And then I finished the MFA program and took a break from creative work. In that short time period, I lost it all . I could no longer find the tone, the voice, the pacing. None of it felt accessible.

Since last month, when my writer’s group decided to come back together again, I tried to reenter the story. I tried reading aloud, editing chapters, and freewriting. None of it worked. I only got discouraged.

As I mentioned last week, one of the ladies in the group suggested I work on a character diary so I could get to know my characters’ motivations. And I did. I wrote through different narrator so that I might free myself over the loss of my voice. I wrote knowing that I would never use any of the words for my final project. I wrote and wrote.

Last night, while rereading the last section I’d written in the diary, it all came back. The voice reappeared out of nowhere without warning.

Writers like King and several of my MFA mentors believe in a daily writing practice. Ive tried to commit to such a practice and failed. But now, afer these months of sitting before a blank screen waiting to fall in where I left off, I realized that the secret to consistency is practice. I have to keep the fires burning. Voice, especially this unfamiliar one, needs for me to come back every day in order to interact with it. The voice and I have to remain in constant conversation if we’re ever to know each other well enough to grow together. We have to make whatever sacrified we need to make in order to carry each other through.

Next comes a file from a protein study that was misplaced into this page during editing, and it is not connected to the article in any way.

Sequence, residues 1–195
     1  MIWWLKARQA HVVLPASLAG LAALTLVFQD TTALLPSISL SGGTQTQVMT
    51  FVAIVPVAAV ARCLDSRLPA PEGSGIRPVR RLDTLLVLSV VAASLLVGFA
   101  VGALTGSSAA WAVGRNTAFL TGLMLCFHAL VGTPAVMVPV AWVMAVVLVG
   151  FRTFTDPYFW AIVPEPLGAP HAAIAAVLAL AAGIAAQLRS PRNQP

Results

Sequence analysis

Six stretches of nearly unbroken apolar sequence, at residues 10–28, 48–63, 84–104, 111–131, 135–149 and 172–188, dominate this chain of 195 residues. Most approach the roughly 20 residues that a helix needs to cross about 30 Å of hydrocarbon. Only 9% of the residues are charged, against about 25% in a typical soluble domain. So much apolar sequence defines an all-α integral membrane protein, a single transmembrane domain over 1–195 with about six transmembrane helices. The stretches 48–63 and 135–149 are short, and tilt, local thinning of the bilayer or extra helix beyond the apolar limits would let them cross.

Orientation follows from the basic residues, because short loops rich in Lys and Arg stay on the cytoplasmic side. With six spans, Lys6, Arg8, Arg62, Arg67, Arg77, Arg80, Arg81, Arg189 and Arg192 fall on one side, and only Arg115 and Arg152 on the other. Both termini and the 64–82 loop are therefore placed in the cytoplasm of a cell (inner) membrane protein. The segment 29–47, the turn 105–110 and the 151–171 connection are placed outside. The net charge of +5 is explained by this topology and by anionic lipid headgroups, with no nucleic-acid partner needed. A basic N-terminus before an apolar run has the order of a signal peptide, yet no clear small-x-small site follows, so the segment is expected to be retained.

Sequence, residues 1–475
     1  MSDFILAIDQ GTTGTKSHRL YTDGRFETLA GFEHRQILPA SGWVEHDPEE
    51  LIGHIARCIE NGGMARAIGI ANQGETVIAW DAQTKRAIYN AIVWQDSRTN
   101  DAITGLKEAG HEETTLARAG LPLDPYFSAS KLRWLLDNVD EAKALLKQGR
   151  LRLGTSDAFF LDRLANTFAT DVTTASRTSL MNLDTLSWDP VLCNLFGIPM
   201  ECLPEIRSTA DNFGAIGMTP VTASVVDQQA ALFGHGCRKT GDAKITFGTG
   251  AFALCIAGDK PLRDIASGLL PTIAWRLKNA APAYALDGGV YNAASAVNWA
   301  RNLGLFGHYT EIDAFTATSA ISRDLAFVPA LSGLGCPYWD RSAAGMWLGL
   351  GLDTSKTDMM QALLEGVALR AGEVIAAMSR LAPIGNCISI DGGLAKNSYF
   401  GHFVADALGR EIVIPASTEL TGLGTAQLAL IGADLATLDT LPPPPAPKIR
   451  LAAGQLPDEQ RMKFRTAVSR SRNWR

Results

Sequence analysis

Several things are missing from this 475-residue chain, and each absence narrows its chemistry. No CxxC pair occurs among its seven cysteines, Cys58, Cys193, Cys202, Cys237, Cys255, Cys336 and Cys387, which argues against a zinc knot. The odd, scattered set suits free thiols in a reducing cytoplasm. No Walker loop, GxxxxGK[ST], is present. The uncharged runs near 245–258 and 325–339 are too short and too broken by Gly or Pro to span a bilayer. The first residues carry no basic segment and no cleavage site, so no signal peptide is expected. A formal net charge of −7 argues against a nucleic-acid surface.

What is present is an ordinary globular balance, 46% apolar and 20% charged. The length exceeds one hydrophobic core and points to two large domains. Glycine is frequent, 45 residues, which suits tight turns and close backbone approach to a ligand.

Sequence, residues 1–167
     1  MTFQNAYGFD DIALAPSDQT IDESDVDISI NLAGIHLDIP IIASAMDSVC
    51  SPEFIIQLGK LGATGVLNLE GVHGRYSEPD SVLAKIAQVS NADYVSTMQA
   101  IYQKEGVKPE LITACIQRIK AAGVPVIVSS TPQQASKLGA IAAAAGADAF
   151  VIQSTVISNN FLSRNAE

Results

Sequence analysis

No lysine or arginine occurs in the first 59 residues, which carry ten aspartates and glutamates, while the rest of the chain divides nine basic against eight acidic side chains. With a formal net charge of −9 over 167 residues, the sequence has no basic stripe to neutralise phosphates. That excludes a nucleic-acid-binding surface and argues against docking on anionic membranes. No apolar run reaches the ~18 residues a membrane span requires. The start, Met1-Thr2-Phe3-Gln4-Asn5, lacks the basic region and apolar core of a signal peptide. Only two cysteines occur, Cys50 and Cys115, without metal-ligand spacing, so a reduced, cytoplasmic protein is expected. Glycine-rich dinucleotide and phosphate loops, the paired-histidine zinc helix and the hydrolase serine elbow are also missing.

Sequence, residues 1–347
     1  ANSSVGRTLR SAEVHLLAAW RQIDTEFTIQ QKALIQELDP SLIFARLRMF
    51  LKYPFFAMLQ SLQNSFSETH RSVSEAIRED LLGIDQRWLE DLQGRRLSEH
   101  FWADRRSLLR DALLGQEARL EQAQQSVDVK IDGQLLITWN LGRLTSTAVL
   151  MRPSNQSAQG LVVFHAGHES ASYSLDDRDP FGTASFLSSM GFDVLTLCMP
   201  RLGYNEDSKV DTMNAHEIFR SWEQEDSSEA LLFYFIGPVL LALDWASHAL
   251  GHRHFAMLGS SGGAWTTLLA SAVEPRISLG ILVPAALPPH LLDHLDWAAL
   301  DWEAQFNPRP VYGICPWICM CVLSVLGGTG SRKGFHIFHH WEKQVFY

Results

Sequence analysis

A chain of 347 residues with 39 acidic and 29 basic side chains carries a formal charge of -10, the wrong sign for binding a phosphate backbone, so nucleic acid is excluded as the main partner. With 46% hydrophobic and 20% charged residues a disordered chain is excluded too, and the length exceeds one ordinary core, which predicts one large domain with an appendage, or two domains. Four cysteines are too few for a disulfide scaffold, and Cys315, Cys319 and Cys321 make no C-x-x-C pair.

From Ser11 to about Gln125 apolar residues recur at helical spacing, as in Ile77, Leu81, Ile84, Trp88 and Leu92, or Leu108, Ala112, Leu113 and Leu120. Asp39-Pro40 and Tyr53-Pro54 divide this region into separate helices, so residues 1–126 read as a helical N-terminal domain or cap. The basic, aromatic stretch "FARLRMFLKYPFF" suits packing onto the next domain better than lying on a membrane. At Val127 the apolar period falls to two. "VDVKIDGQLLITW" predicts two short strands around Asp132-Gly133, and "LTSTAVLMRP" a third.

Uncategorized

2020 Goals: #1 Adding Backstory

Last week my writer’s group met for our first meeting of the year. I was an hour late because of an extended church service and arrived just in time to have the first four short chapters of my novel critiqued 😟.

I didn’t get terrible comments but what I did get were lots of questions regarding my characters and their motivations. Although I could provide ideas and explanations that were none too convincing even to me, I realized I didn’t honestly have any definite answers.